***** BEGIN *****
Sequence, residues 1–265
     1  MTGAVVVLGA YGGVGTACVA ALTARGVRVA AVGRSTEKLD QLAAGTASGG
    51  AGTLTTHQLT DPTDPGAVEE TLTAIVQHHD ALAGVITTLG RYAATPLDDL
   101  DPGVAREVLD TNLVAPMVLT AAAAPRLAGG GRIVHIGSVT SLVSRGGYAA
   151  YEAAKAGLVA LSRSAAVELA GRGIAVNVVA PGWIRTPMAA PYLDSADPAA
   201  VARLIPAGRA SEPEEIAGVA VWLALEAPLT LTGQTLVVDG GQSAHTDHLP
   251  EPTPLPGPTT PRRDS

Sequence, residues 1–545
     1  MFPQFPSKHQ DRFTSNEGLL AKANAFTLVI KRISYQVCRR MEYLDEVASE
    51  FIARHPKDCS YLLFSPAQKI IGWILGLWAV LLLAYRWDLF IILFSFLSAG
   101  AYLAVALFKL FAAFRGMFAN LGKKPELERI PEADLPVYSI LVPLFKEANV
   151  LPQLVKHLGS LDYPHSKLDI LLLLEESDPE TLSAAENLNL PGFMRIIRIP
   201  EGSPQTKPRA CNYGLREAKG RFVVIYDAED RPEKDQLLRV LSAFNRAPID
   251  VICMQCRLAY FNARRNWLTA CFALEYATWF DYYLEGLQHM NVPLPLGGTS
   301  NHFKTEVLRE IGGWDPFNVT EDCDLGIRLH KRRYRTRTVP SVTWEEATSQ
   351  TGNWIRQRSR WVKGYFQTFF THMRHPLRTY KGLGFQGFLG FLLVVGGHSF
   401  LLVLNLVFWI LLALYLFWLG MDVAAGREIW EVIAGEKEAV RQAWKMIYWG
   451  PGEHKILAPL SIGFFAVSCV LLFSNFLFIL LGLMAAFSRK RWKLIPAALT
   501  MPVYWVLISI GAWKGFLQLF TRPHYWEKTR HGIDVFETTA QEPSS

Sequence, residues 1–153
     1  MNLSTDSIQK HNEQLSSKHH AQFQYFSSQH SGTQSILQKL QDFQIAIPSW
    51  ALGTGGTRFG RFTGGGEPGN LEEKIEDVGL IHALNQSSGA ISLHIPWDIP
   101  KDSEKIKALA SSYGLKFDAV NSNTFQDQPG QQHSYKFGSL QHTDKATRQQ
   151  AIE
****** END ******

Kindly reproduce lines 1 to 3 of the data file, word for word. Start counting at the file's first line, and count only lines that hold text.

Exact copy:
Sequence, residues 1–265
     1  MTGAVVVLGA YGGVGTACVA ALTARGVRVA AVGRSTEKLD QLAAGTASGG
    51  AGTLTTHQLT DPTDPGAVEE TLTAIVQHHD ALAGVITTLG RYAATPLDDL